In an attempt to escape the chaos experienced in England, many English families boarded overcrowded and diseased ships sailing for the shores of North America and other British colonies. Those families hardy enough, and lucky enough, to make the passage intact were rewarded with land and a social environment less prone to religious and political persecution. Many of these families became important contributors to the young colonies in which they settled. Early immigration and passenger lists have documented some of the first Axtens to arrive on North American shores: Benjamin Acton who settled in Pennsylvania in 1683; James Acton settled in New England in 1718; John Acton settled in Virginia in 1642.

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Contemporary Notables of the name Axten (post 1700)


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Contemporary Notables of the name Axten (post 1700)



  • Tracy Axten (b. 1963), English discus thrower at the 1998 Commonwealth Games

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Axten Historic Events


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Axten Historic Events




Empress of Ireland

  • Master Lionel Axten (1911-1914), Canadian Second Class Passenger from Vancouver, British Columbia, Canada who was traveling aboard the Empress of Ireland and died in the sinking on May 29th 1914
  • Mrs. Dorothea Axten (1879-1914), née Kelly Canadian Second Class Passenger from Vancouver, British Columbia, Canada who was traveling aboard the Empress of Ireland and died in the sinking on May 29th 1914

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Motto


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Motto



The motto was originally a war cry or slogan. Mottoes first began to be shown with arms in the 14th and 15th centuries, but were not in general use until the 17th century. Thus the oldest coats of arms generally do not include a motto. Mottoes seldom form part of the grant of arms: Under most heraldic authorities, a motto is an optional component of the coat of arms, and can be added to or changed at will; many families have chosen not to display a motto.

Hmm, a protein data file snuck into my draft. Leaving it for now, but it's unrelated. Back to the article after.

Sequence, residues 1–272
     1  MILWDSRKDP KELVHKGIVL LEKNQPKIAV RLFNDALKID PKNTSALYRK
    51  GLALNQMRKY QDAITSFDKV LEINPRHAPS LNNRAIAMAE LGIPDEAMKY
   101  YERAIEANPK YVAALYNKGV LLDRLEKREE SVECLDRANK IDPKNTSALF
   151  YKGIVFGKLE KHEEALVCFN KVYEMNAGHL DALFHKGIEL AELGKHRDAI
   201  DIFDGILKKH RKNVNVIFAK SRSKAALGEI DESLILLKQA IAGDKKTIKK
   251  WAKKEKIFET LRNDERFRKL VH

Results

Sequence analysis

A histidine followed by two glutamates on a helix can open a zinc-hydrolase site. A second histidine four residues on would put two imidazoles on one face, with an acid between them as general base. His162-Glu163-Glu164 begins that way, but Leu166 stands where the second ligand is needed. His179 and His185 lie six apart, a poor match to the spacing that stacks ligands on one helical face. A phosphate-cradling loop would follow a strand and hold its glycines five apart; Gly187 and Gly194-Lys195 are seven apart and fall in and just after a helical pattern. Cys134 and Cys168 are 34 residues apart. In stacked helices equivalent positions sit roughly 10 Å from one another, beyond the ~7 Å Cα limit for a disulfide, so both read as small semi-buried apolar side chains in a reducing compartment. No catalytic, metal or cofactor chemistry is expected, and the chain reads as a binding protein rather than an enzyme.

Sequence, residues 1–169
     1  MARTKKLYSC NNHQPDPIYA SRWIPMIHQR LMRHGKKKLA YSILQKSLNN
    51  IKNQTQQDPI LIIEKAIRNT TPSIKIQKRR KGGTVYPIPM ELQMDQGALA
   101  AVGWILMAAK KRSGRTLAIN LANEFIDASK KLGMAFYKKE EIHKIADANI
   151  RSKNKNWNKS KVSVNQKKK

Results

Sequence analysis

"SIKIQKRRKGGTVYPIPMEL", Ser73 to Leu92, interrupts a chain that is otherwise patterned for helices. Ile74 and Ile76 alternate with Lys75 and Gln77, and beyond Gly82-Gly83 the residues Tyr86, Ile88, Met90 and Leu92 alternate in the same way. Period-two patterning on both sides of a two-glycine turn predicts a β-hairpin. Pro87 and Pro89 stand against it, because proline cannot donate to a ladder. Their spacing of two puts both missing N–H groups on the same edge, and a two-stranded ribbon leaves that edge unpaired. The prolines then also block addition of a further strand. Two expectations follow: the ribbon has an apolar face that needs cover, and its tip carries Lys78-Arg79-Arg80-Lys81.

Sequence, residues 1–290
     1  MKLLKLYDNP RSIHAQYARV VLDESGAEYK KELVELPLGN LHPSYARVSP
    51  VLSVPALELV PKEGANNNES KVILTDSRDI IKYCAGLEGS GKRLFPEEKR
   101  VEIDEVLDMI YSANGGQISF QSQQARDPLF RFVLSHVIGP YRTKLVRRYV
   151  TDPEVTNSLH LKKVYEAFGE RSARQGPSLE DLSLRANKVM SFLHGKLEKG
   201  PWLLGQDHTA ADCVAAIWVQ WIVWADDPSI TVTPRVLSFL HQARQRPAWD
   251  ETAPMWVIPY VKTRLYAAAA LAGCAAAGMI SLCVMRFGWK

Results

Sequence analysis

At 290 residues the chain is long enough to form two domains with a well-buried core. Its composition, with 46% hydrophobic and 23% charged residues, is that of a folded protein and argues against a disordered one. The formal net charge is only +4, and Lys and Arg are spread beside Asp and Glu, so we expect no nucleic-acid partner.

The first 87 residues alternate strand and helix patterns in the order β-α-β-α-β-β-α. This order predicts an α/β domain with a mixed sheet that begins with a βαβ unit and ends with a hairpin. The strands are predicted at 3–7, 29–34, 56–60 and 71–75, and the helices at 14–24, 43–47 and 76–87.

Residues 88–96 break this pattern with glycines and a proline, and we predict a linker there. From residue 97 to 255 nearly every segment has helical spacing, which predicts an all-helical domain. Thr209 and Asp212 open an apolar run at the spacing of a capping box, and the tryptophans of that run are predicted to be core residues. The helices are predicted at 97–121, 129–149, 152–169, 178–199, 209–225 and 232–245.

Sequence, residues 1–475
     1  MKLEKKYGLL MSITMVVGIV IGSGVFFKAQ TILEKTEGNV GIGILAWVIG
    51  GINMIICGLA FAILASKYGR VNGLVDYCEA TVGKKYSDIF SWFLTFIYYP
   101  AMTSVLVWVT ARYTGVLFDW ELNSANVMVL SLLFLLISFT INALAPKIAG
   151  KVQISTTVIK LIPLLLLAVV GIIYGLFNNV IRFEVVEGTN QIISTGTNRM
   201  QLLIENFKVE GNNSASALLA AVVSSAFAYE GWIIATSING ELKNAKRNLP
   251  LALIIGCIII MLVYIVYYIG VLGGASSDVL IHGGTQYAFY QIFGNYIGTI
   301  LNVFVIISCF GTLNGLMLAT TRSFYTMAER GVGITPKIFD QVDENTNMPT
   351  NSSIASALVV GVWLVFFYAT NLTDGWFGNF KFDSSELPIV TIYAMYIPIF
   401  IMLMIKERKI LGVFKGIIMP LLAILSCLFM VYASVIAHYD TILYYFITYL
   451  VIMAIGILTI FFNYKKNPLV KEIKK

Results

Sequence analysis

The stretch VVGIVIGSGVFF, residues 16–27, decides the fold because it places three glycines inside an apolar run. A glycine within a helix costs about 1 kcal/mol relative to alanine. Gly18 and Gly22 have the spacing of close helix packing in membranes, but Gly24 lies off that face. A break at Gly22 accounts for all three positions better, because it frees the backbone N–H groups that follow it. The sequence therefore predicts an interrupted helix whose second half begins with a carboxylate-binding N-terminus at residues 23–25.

Motto: Vaillance avance l'homme
Motto Translation: Valour advances the man.


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Axten Family Crest Products


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Axten Family Crest Products




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See Also


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See Also




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Citations


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Citations



  1. ^ Shirley, Evelyn Philip, The Noble and Gentle Men of England; The Arms and Descents. Westminster: John Bower Nichols and Sons, 1866, Print.
  2. ^ Lewis, Samuel, A Topographical Dictionary of England. Institute of Historical Research, 1848, Print.

Other References

  1. Filby, P. William and Mary K Meyer. Passenger and Immigration Lists Index in Four Volumes. Detroit: Gale Research, 1985. Print. (ISBN 0-8103-1795-8).
  2. Bullock, L.G. Historical Map of England and Wales. Edinburgh: Bartholomew and Son, 1971. Print.
  3. Bolton, Charles Knowles. Bolton's American Armory. Baltimore: Heraldic Book Company, 1964. Print.
  4. Library of Congress. American and English Genealogies in the Library of Congress. Baltimore: Genealogical Publishing, 1967. Print.
  5. Fairbairn. Fairbain's book of Crests of the Families of Great Britain and Ireland, 4th Edition 2 volumes in one. Baltimore: Heraldic Book Company, 1968. Print.
  6. Sanders, Joanne McRee Edition. English Settlers in Barbados 1637-1800. Baltimore: Genealogical Publishing. Print.
  7. Burke, Sir Bernard. General Armory Of England, Scotland, Ireland and Wales. Ramsbury: Heraldry Today. Print.
  8. Hinde, Thomas Ed. The Domesday Book England's Heritage Then and Now. Surrey: Colour Library Books, 1995. Print. (ISBN 1-85833-440-3).
  9. Virkus, Frederick A. Ed. Immigrant Ancestors A List of 2,500 Immigrants to America Before 1750. Baltimore: Genealogical Publishing, 1964. Print.
  10. Bowman, George Ernest. The Mayflower Reader A Selection of Articales from The Mayflower Descendent. Baltimore: Genealogical Publishing. Print.
  11. ...

The Axten Family Crest was acquired from the Houseofnames.com archives. The Axten Family Crest was drawn according to heraldic standards based on published blazons. We generally include the oldest published family crest once associated with each surname.

This page was last modified on 14 March 2016 at 11:06.